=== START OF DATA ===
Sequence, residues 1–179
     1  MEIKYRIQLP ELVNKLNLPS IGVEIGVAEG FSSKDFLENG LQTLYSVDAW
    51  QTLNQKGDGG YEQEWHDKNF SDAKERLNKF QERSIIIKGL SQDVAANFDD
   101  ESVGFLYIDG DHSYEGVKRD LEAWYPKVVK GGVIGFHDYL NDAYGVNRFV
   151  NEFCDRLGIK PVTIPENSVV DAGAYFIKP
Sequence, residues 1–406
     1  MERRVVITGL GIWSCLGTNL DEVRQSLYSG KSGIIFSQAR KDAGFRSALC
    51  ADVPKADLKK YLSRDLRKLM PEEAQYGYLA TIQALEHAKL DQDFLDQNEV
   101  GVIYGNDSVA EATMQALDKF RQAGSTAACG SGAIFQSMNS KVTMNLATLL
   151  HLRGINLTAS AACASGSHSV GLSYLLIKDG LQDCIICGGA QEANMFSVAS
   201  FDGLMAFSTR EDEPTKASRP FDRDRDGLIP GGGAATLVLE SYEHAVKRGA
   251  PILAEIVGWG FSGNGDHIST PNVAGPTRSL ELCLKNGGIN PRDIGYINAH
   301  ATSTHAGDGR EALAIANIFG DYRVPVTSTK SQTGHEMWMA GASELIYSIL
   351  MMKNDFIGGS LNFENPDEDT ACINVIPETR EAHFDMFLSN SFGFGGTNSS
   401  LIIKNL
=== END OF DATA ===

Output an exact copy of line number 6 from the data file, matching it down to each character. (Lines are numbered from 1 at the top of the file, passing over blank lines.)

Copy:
Sequence, residues 1–406